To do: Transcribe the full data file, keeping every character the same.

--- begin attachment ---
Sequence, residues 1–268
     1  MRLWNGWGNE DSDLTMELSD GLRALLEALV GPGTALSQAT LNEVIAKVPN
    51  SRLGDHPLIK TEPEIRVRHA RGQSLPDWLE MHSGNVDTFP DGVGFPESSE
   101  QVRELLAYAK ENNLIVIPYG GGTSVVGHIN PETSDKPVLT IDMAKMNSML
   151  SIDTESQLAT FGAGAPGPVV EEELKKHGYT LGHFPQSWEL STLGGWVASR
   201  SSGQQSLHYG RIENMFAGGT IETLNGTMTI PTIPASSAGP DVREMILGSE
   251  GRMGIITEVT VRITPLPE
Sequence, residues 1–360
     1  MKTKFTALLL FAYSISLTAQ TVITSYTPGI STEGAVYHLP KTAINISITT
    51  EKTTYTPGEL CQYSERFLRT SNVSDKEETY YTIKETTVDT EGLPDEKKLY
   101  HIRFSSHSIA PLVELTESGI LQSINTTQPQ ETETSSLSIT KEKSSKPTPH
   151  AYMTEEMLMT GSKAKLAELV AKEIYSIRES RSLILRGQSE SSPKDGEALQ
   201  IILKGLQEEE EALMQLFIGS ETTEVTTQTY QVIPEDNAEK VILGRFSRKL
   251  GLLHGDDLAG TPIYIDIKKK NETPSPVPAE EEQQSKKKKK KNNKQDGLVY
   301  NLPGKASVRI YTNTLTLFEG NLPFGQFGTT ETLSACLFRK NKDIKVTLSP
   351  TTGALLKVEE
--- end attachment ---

Sequence, residues 1–268
     1  MRLWNGWGNE DSDLTMELSD GLRALLEALV GPGTALSQAT LNEVIAKVPN
    51  SRLGDHPLIK TEPEIRVRHA RGQSLPDWLE MHSGNVDTFP DGVGFPESSE
   101  QVRELLAYAK ENNLIVIPYG GGTSVVGHIN PETSDKPVLT IDMAKMNSML
   151  SIDTESQLAT FGAGAPGPVV EEELKKHGYT LGHFPQSWEL STLGGWVASR
   201  SSGQQSLHYG RIENMFAGGT IETLNGTMTI PTIPASSAGP DVREMILGSE
   251  GRMGIITEVT VRITPLPE
Sequence, residues 1–360
     1  MKTKFTALLL FAYSISLTAQ TVITSYTPGI STEGAVYHLP KTAINISITT
    51  EKTTYTPGEL CQYSERFLRT SNVSDKEETY YTIKETTVDT EGLPDEKKLY
   101  HIRFSSHSIA PLVELTESGI LQSINTTQPQ ETETSSLSIT KEKSSKPTPH
   151  AYMTEEMLMT GSKAKLAELV AKEIYSIRES RSLILRGQSE SSPKDGEALQ
   201  IILKGLQEEE EALMQLFIGS ETTEVTTQTY QVIPEDNAEK VILGRFSRKL
   251  GLLHGDDLAG TPIYIDIKKK NETPSPVPAE EEQQSKKKKK KNNKQDGLVY
   301  NLPGKASVRI YTNTLTLFEG NLPFGQFGTT ETLSACLFRK NKDIKVTLSP
   351  TTGALLKVEE